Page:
Today in Supreme Court History

Today in Supreme Court History: November 8, 1994

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11/8/1994: U.S. v. Lopez argued.

Edison High School, San Antonio

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  1. Sub silentio abrogating Katzenbach v. McClung, 1964. Yes, Mr. Clarence Thomas, restaurants can shut the door in your face because you’re black. Glad you agree.

    1. McClung shows the utter absurdity and unworkability of the uber-federalist, libertarian (?) reading of the Commerce Clause. He certainly served a significant number of inter-state traveling customers (and with a significant amount of inter-state shipped products). So should he have been able to discriminate against a Birmingham resident ordering something he got locally but not a Georgian stopping on his way through ordering something he had shipped in? Would he have to label which ingredients were locally sourced and therefore exempt to serve on the menu? Check driver's licenses to see who he could discriminate against?

      1. So should he have been able to discriminate against a Birmingham resident ordering something he got locally but not a Georgian stopping on his way through ordering something he had shipped in?

        I mean, that's not the federalist (or "uber-federalist") argument, no. The argument is that a retail sale (well, at least an in person one) is not interstate commerce. Doesn't matter where the person came from or where the ingredients came from. The customer's travel itself may be interstate commerce, and thus may be reachable by the federal government, but that doesn't give the federal government any power over a local retailer he does business with. Similarly, the federal government may be able to regulate the shipment of those ingredients across state lines, but that has nothing to do with the local sale.

        The "uber-federalist" reading is that the interstate commerce clause provides for the regulation of interstate commerce, not local things that may have an effect on interstate commerce.

        1. A person traveling from Georgia to Alabama who stops and gets BBQ is not engaged in 'inter-state commerce?' I mean, I guess MLB is not engaged in inter-state commerce because, hey, when the Sox play the Yankees it's not on the border!

          1. A big impetus for the CRA was in MLK's 'Dream' speech where he talked about weary African-American travelers turned away from hotels. I mean, I guess we could say, hey, that traveler from Indiana trying to get a hotel room in Alabama is totally Alabama business...

          2. A person traveling from Georgia to Alabama who stops and gets BBQ is not engaged in 'inter-state commerce?'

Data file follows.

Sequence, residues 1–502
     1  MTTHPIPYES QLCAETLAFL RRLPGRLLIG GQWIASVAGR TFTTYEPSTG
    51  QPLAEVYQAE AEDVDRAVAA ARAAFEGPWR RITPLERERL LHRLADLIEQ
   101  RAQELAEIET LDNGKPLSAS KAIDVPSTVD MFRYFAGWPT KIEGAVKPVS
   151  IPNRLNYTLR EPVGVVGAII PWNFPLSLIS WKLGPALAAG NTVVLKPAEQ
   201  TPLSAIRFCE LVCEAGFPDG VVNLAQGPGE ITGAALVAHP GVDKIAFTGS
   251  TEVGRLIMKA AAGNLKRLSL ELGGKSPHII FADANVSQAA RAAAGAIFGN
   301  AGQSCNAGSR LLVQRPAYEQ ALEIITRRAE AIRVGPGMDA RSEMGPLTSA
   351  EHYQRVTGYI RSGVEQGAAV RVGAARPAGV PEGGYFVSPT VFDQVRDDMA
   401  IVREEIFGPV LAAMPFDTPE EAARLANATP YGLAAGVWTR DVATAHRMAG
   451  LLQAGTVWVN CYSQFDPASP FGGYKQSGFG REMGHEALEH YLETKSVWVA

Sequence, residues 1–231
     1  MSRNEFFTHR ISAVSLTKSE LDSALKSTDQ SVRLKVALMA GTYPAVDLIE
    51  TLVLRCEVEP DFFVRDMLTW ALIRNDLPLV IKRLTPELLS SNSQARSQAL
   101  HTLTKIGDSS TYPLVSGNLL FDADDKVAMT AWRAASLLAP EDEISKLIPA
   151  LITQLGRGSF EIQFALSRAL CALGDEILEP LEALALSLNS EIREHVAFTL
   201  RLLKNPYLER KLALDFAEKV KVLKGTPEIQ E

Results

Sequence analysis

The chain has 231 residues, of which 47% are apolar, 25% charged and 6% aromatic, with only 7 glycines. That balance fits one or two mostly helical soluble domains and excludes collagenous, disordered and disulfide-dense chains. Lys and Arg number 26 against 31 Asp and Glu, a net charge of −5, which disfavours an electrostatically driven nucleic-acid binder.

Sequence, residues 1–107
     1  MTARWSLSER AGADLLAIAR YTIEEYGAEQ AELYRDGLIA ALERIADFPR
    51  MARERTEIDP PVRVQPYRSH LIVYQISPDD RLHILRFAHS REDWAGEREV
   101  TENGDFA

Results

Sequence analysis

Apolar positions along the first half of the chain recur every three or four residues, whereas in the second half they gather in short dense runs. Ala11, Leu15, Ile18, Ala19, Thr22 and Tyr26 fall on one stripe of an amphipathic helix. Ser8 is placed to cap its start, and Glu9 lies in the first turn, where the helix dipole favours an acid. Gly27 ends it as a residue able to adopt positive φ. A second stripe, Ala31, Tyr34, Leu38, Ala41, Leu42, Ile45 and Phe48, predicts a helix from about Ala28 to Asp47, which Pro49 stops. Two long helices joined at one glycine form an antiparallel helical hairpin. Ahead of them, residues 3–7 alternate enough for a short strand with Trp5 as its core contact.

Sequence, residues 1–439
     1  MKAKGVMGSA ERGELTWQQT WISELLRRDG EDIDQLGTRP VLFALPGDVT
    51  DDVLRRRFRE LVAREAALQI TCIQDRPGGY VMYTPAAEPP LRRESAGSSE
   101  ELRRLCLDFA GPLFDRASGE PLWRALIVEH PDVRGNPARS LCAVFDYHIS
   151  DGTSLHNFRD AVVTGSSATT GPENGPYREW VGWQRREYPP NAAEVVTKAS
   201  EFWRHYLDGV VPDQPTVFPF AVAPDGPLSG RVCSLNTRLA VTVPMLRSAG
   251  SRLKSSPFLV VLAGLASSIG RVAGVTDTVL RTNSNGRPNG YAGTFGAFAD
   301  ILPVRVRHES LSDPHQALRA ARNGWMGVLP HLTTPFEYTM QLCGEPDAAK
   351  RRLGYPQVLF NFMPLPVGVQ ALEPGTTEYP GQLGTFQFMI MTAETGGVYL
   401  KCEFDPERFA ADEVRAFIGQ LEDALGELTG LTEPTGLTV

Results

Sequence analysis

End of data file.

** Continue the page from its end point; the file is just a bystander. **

I mean, this person's travel itself might be described as interstate commerce. But that doesn't mean one can aggregate all the things he does along the way and say that each one of them is also interstate commerce. His buying ribs at a restaurant in Birmingham is an isolated, intrastate transaction. As you yourself said, it wouldn't make any sense to say that this is interstate commerce but the guy who lives across the state engaging in the exact same transaction is not.

            Now, if he placed a DoorDash order to bring him ribs from this Birmingham restaurant to his home in Atlanta, that would be a different story.

            I mean, I guess MLB is not engaged in inter-state commerce because, hey, when the Sox play the Yankees it's not on the border!

            The Supreme Court agrees with you!

    2. It's hard to see how saying that the federal government can't regulate non-commercial activity with no interstate hook "abrogates" Katzenbach. I mean, it obviously didn't do that, so empirically you're wrong.

      1. Right. The Court treats economic and non-economic activity different. That's not really surprising (whatever I think of modern Commerce Clause doctrine), because the clause is clearly a mandate for the federal government to regulate economic matters.

      2. Forbidding the transport of items traded in interstate commerce into certain areas is "regulating" commerce.

        1. Unless you mean that the transport is part of the purchase transaction, no it isn't. If you mean that, yes: if I order something from a store in Texas to ship to me, then regulating that shipment is regulating interstate commerce. But if you're talking about the Lopez situation and mean that the item was once transported in interstate commerce, then no, it's not. It's regulating non-commercial things that happen after the commerce took place.

          If people weren't actively trying to expand the federal government's jurisdiction, your claim would rightly be seen as absurd. "Rearranging your furniture in your living room is commerce because that furniture was originally built in Minnesota and shipped to a store in Connecticut where you bought it."

  2. Oops. I forgot that clicking on the link to the case doesn't actually get you to a discussion of it, but just takes you to an ad for B&B Enterprises.

    Do these guys pay Reason?

    1. I got the discussion when clicking...

      1. Yeah, Bernard; I'd check your computer out because it goes to the case page.

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